Conversations For Transformation: Essays Inspired By The Ideas Of Werner Erhard

Conversations For Transformation

Essays By Laurence Platt

Inspired By The Ideas Of Werner Erhard

And More


Low Road

Napa Union High School Auditorium, Napa, California, USA

February 2, 2007



This essay, Low Road, is the companion piece to

Recently I had the distinct pleasure and privilege of having conversations with a minister from the United Church of Christ, a student of the Bible and an adherent of the word of Jesus Christ, and then with a devout Muslim, a student of the Koran and an adherent of the word of Mohammed; later with an orthodox Jew, a student of the Torah and an adherent of the word of Moses, then with a practicing Hatha Yogi, a student of the Vedas and an adherent of the work of Mr BKS Iyengar. All four, it turned out, were also graduates of Werner's work.

In these conversations, what came out first and foremost was how these four devotees regarded Werner's work as empowering to their respective arenas of worship, how Werner's work (among other gifts) allowed them to strip away the deadening positions and beliefs they had inadvertently mired their faiths in, allowing them instead to experience the material directly  for the first time.

All four told me in similar words Werner's conversation for transformation is really holy  and sacred  - in the truest sense of both those descriptors.

"Beautiful!" I thought, "Even arguably true.".

Having said that, I myself do have a concern with deploying those descriptors: they're overly charged with meaning, interpretation, and significance. In spite of our best intentions, they evoke an already always listening  in people which makes it harder for them to actually hear  the conversation for transformation. While I appreciate what they refer to in designating the conversation for transformation as holy and sacred, I personally stay clear of those descriptors in my own Conversations For Transformation with people.

Now ... the other side of this coin is: it's all  holy and sacred. There's nothing in this world that isn't  holy and sacred. Holy and sacred, as seen on the high road  to enlightenment, is really just ordinary. Look: on the high road to enlightenment, a state of being without ego is touted as an ultimate state ie a holy and sacred state. No, having an ego is ordinary. Having an ego and being responsible for having an ego, is extra-ordinary. I assert aspiring to be without ego is ultimate ego.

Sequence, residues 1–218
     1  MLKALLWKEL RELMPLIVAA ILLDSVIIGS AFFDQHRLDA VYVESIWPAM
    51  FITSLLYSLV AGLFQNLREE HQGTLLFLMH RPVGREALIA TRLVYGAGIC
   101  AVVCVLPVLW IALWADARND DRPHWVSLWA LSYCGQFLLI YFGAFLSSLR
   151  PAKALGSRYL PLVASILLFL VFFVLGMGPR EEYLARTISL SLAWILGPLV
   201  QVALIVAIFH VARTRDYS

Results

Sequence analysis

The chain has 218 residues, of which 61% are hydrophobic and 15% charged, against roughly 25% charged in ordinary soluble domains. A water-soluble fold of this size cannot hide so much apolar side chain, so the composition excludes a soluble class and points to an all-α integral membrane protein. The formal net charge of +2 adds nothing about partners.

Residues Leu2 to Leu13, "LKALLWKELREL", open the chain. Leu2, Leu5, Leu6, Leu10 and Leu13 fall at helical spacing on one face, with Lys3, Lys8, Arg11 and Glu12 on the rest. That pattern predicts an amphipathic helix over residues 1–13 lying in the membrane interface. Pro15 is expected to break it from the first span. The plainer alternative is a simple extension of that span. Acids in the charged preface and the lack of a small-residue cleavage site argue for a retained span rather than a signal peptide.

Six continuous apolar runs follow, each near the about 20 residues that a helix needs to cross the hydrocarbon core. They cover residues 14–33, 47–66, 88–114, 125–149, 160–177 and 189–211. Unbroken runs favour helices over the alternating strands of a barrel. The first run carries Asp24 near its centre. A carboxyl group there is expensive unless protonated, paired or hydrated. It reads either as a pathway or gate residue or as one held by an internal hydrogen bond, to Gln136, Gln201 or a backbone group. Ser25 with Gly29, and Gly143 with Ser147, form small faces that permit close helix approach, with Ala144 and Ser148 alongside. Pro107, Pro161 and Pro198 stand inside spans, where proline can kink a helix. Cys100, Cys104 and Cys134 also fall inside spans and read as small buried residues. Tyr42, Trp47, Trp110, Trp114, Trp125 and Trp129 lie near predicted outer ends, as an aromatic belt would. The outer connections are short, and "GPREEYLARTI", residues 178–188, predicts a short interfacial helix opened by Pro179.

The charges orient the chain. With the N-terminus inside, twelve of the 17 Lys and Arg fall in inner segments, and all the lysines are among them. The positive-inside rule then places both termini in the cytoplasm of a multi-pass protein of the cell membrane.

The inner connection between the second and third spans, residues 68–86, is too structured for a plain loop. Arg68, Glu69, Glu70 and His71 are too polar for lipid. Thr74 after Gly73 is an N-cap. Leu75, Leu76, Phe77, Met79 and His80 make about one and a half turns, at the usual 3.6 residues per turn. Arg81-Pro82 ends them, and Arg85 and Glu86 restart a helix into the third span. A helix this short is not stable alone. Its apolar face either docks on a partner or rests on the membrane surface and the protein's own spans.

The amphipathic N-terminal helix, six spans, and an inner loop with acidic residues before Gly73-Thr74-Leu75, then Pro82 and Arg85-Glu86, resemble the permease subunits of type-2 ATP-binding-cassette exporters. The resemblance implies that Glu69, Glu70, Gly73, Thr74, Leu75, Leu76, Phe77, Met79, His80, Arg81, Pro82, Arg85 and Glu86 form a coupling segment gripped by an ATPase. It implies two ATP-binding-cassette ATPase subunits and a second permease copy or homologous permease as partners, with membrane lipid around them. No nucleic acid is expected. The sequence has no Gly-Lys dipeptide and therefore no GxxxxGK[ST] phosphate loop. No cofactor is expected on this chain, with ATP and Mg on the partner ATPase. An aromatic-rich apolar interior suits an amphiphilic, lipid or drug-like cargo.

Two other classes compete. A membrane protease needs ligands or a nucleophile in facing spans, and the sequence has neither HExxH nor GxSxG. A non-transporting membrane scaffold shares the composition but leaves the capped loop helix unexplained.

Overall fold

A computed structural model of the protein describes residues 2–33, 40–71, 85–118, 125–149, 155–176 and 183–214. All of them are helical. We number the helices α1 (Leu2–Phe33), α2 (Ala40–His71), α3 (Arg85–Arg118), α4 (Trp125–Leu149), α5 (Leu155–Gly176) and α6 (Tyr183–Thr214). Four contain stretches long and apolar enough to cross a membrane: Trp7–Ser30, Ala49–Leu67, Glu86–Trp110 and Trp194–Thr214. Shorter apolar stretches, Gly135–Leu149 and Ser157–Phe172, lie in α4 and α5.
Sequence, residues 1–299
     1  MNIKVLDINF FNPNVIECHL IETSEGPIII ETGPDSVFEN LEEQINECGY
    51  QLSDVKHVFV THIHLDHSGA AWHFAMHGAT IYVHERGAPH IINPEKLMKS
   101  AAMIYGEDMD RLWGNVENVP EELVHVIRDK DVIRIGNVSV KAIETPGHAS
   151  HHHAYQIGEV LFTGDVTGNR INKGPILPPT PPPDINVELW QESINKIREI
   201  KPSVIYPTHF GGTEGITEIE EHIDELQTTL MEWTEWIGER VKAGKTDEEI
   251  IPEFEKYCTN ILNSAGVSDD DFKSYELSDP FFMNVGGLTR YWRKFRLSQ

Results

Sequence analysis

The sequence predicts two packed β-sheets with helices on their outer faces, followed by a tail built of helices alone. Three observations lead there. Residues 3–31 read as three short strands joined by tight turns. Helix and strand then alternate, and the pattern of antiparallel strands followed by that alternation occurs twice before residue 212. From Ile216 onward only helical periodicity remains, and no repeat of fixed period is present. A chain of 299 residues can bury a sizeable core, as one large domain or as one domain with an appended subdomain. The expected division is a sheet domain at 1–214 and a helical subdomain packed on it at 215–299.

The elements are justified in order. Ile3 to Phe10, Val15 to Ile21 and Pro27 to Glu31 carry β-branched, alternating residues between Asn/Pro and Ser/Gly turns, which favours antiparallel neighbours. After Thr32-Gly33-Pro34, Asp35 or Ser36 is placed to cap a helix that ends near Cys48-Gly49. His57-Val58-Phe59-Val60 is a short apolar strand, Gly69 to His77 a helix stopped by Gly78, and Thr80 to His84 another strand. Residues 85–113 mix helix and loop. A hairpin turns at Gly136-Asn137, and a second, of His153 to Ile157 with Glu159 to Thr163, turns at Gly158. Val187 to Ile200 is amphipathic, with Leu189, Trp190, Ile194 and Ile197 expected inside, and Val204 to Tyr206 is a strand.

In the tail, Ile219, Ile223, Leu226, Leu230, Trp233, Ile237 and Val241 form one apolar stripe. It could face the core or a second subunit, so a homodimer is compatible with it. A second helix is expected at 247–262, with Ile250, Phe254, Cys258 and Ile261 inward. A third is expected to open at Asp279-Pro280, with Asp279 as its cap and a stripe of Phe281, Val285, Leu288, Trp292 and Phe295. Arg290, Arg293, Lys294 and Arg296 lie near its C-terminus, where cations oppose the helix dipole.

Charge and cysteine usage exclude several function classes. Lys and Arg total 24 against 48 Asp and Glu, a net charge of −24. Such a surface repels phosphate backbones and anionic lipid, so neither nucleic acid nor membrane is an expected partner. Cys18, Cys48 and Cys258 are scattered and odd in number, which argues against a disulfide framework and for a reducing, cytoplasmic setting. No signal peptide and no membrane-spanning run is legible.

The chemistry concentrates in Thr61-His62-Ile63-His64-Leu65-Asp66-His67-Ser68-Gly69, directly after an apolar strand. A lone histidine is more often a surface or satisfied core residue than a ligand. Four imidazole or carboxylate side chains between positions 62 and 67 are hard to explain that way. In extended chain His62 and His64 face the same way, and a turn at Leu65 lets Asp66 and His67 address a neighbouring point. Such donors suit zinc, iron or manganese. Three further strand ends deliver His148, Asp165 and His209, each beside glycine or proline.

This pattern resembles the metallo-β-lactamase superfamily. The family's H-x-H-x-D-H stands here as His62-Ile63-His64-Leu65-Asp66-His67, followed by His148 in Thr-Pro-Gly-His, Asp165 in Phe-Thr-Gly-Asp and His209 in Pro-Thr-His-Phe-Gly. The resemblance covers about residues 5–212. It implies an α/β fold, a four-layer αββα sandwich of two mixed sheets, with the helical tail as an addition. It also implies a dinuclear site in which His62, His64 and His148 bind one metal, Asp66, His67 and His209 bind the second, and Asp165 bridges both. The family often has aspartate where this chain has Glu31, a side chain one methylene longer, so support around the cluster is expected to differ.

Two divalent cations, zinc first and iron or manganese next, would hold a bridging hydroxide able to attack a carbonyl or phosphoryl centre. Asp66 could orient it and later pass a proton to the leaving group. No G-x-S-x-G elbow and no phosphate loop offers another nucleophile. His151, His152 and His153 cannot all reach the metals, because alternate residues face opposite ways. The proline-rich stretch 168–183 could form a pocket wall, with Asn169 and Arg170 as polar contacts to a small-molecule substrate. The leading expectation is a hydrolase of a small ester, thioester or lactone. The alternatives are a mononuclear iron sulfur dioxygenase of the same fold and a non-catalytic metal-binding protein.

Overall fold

I love Werner's irreverent notion of "dogshit" reality. You don't have to ask me to explain what "dogshit" reality is. Think of a self‑proclaimed wise man  thinking he's made it spiritually, when not watching, he steps in dogshit. You have to be something of a rogue to appreciate it. In order to avoid the trappings of the already always listening when it comes to the holiness and the sacredness of the conversation for transformation, you're pragmatic to choose the low road  to enlightenment rather than the high road. The irreverence of the low road to enlightenment pokes fun at even our most precious beliefs and practices. It has to. It has to consider even our most precious beliefs and practices may just be unconscious machinery - unexamined deadening positions and beliefs albeit cherished  unexamined deadening positions and beliefs.

On the high road to enlightenment, I'm enlightened as long as I believe in enlightenment, and as long as I follow the practices touted to lead to enlightenment. On the low road to enlightenment, I'm enlightened as long as I speak enlightenment.

There's nothing wrong with the high road to enlightenment. I love its piety, its sanctimoniousness, its reverence, its respect, its joy, and its beauty ... AND  ... I question how effective it really is, given peoples' already always listening, and given our propensity to add significance where there's none.

When the holy and sacred conversation for transformation ceases to be effective because over the years people, with their best intentions foremost, have starched it with meaning, interpretation, and significance and thereby reduced it to jargon, then it's time to reinvigorate its vocabulary and to bring forth who we really are  in its delivery. Thank you, and I'll take the low road.



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